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The worst jobs I had as a software developer had one thing in common

Since becoming a software developer, I had the opportunity to be part of various companies, big and small. I’ve been part of corporations, scale-ups and start-ups, with 6 to 5,000 employees. Looking back at my biggest frustrations, I realized that all the companies at which I had the worst time (mentally, emotionally and professionally) had some things in common, and one thing stood out as being the worst of all. But let me first explain some software development basics to you before revealing what this common thing was.

Why software development is so hard

Fixing your car to change a light bulb

In software development, the complexity of a task and the time it takes for somebody to complete it are not proportional. This is because the successful completion of that task doesn’t always only involve writing code. That code is part of a bigger system, whose elements fit nicely together, or are duct-taped and about to crumble at the lightest breeze like a late-stage jenga tower.

A good analogy for you to understand this is the following scene from Malcolm in the Middle, when Hal tries to fix a light bulb and ends up repairing his car in order to fix said light bulb:

So, it’s no wonder that the most painful thing a software developer has to do in their day-to-day life is to estimate how much time it will take them to complete a task. This pain is increased by a factor of 2 if the developer is new to the code base and the code base is not well documented. (For me, anybody who doesn’t have a full and complete overview of the code base is “new”, and the time for them to become familiar with it is determined by seniority. So, it might take a senior 3 months to get to know the code base, but a junior, 12 months).

Tell me what you want, what you really really want

On top of overall system complexity, there are external factors that influence how long will a task take.

I saw a joke on LinkedIn the other day that in a junior developer’s library, there are books about frameworks and the basics of programming, while in a senior developer’s library, there is only one book: “Applied Psychology”.

This is because people have a hard time knowing what they want. Or they have some general overview of what they want, but they don’t know all the details themselves, so they are waiting for the developer to fill in the gaps. This adds to the delivery time, because the developer has to also play the role of Product Owner/ UX Desinger to complete the task. Then, it may happen that half-way through the implementation, the stakeholder finally decides to change something, that might require the developer to start over the whole process.

Brooks’s law

So, it’s obvious that the first thing a manager would do is to look at workload. “Do we have enough people to deliver everything fast and at a high quality?”

Well, it turns out that adding more people to a software development team doesn’t always help. It can actually make things worse, as Fred Brooks explained in his book “The Mythical Man-Month” (written in 1975, but so actual, it hurts). One of the most anecdotal expressions of this law is: “If it takes a woman 9 months to give birth to a baby, it will take 9 women 1 month to give birth to a baby.”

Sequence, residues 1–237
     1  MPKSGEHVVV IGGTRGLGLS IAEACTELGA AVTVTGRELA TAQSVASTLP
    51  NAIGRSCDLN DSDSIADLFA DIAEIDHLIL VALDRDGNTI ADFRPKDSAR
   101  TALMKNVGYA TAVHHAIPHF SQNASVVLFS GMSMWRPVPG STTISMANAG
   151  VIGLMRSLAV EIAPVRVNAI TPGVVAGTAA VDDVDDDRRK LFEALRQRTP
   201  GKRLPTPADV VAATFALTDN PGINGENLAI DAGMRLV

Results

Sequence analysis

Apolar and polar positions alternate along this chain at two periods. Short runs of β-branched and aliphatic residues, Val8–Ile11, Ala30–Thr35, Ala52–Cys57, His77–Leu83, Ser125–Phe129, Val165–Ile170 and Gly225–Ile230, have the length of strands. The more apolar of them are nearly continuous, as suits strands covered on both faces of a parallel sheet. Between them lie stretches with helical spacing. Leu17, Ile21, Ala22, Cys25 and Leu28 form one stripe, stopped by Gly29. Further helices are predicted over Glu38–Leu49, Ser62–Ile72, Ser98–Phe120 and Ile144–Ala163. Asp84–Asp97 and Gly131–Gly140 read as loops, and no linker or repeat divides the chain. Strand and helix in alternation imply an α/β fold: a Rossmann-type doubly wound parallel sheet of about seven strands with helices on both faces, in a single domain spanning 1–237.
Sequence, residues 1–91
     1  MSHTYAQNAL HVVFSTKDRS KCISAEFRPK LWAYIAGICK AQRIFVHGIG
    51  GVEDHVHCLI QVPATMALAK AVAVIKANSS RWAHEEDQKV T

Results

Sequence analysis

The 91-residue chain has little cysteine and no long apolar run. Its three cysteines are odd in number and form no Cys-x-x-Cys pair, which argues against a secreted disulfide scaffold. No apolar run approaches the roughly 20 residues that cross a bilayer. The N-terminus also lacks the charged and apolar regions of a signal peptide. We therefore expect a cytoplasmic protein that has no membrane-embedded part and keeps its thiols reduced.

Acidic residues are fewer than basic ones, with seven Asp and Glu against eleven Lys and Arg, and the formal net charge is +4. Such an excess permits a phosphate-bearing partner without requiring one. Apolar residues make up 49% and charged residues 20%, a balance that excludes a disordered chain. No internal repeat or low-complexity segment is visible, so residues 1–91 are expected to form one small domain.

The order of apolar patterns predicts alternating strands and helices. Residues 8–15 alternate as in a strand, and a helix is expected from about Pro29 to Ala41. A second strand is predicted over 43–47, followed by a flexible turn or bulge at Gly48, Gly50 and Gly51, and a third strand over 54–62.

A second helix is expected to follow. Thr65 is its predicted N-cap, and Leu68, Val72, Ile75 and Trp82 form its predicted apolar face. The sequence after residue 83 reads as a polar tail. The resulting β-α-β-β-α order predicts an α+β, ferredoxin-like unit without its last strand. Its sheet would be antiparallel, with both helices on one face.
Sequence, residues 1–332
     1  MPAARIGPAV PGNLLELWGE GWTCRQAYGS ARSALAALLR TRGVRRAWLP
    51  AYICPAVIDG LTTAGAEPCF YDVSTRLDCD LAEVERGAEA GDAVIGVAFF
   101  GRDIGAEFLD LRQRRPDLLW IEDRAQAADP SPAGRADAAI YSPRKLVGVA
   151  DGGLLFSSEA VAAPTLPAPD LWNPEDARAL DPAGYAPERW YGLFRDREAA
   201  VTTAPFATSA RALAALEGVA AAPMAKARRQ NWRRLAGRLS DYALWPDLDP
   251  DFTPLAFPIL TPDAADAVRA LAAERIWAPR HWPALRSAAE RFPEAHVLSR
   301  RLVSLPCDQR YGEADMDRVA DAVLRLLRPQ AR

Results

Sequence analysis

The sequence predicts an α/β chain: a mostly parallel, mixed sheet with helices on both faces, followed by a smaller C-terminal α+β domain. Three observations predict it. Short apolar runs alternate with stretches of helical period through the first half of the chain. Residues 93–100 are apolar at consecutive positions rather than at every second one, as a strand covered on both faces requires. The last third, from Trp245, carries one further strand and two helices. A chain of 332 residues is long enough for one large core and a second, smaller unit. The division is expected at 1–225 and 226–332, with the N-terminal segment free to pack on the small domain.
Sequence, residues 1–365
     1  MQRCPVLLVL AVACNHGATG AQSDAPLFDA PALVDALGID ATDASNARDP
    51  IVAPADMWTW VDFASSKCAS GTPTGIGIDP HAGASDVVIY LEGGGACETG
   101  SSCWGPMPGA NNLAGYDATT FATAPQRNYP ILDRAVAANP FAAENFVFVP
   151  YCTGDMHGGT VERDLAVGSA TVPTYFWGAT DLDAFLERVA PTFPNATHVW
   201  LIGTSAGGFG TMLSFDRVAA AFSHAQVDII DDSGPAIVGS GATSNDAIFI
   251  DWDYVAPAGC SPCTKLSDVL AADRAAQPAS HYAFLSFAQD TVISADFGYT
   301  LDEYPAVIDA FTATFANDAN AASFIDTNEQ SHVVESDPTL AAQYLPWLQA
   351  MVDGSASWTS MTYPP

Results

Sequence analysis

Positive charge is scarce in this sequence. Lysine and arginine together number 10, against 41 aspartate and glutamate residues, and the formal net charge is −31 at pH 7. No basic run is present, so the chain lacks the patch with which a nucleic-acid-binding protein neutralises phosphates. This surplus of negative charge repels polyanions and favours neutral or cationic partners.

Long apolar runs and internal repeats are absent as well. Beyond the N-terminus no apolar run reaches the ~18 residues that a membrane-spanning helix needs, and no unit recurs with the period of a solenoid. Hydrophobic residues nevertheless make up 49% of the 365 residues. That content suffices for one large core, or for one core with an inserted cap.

This law states that the more people are added to a software development project, the more the project will get delayed, because there is a lot of cross-communication that needs to happen for those people to be able to complete the project.

If we extrapolate this law and simply consider the high turnover in the software development domain, then we can understand that people coming and going on a project require the existing people to bring them up to speed with the code base, processes and so on. There is a transfer of knowledge that is necessary for the newcomers to become productive.

So that one thing that pained me the most was…

Being asked to do the impossible and then being the only one blamed for failing.

Impossible means: “Deliver a new feature in 2 months immediately after you joined our company”. “Juggle refactoring core features of the platform with new feature development. If you fail to deliver the new feature, we will cease to allow you to do any refactoring in the future.”

This was often coupled with a feeling that I was just a “hired brain”, a “code monkey” whose only role was to write code. It was of little importance if the code was good or bad, clean or dirty, duct-taped or glue-gunned. They just cared that I add to the pile of sh*t and deliver — fast.

I think this mentality is characteristic of businesses that have no (senior) tech people in management and/or refuse to require management to educate themselves about basic software delivery principles. It’s like you put a simple soldier in charge of leading a battalion to war and expect a victory.

In the end, it’s baffling to me how little these software development companies care about their most valuable asset: their developers. It seemed to me like they considered these people blue-collar and not white-collar, just because they had to sweat and do all the dirty work day after day.

I hope I’ll live to see the day when this profession becomes more understood and all the hard work and mental exhaustion that comes with it are respected and acknowledged.



Web developer, amateur runner, adventurer, geek, aspiring data explorer

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Julia Mihet

Web developer, amateur runner, adventurer, geek, aspiring data explorer